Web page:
While evaluating the Indian policy responses to the global crisis, this article focuses on the likely extent of the spread of the crisis to India and how it will affect the domestic economy. In India, exports have declined, foreign institutional investment has fallen, and share and real estate prices have crashed. The social cost of the slowdown has been unemployment. India's policy response has so far addressed the issue of reviving the real economy but has done little to build firewalls around the financial sector and provide safety nets for the vulnerable sections. Some measures which could go a long way towards attainment of the last two objectives are outlined.

Causes, Cures and Myths

Our sights must be set on moderating the recurring cycle of financial crises and our solutions must go beyond the instruments, institutions or individuals of the day. Blaming offshore financial centres or the complexity of derivatives for the current problems misses the point. This article proposes counter-cyclical capital charges to push banks to develop incentive packages that are more encouraging of longer-term behaviour and a valuation method based on the relative maturity of an intermediary's funding. What the latter will do is allow any institution in a liquidity crisis to set up its own internal "bad bank" mechanism so long as it has sufficient long-term funding to support it.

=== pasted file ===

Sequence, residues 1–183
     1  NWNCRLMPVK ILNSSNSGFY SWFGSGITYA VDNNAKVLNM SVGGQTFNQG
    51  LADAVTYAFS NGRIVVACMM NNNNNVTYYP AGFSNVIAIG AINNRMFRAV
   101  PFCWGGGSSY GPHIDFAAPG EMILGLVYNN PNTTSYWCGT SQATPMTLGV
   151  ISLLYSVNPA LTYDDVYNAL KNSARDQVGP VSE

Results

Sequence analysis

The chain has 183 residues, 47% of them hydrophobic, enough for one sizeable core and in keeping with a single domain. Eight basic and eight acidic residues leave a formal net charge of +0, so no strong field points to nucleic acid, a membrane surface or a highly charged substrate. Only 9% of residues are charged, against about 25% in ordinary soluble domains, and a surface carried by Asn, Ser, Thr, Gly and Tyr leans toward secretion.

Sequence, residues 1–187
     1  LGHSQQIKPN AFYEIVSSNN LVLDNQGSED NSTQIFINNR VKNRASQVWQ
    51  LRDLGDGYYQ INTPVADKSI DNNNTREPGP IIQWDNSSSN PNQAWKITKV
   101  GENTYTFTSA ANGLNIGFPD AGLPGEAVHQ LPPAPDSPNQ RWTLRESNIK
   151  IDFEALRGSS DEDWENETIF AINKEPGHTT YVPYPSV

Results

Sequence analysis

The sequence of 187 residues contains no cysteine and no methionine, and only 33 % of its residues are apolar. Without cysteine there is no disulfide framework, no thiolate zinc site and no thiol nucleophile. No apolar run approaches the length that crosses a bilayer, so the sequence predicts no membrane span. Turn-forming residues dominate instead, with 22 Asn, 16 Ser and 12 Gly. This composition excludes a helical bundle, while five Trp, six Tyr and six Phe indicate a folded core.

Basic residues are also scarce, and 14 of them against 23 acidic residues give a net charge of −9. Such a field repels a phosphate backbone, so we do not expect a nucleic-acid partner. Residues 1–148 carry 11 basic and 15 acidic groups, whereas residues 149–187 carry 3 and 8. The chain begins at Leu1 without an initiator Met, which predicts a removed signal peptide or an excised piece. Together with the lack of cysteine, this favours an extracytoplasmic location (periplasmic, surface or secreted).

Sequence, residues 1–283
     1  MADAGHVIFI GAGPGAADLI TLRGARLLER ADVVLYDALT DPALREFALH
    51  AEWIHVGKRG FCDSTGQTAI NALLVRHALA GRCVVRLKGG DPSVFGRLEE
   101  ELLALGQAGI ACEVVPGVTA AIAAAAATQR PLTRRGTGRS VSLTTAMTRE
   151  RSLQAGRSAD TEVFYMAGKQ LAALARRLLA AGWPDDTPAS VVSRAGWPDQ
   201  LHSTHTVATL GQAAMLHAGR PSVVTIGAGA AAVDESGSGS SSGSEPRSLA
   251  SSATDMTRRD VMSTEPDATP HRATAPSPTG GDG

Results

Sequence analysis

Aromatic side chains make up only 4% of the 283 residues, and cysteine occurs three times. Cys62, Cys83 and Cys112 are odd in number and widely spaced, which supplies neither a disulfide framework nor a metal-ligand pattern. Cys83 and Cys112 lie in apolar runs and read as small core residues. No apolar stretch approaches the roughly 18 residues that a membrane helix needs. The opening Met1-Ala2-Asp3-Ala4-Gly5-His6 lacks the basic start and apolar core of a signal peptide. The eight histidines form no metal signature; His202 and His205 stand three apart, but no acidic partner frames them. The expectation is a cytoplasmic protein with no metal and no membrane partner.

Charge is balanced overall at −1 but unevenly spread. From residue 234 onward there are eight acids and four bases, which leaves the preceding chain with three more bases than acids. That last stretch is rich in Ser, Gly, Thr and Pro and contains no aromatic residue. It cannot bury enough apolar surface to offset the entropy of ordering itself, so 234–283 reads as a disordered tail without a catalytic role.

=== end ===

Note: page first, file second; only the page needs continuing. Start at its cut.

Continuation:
Profound Structural Flaws in the US Financial System That Helped Cause the Financial Crisis

We are now in the midst of the worst financial crisis since the Great Depression. This crisis is the latest phase of the evolution of financial markets under the radical financial deregulation process that began in the late 1970s. This evolution has taken the form of cycles in which deregulation accompanied by rapid financial innovation stimulates powerful financial booms that end in crises. Governments respond to crises with bailouts that allow new expansions to begin. As a result, financial markets have become ever larger and financial crises have become more threatening to society, which forces governments to enact ever larger bailouts. This paper analyses the structural flaws in the current United States financial system that helped bring on the current crisis.

When the Facts Change: How Can the Financial Crisis Change Minds?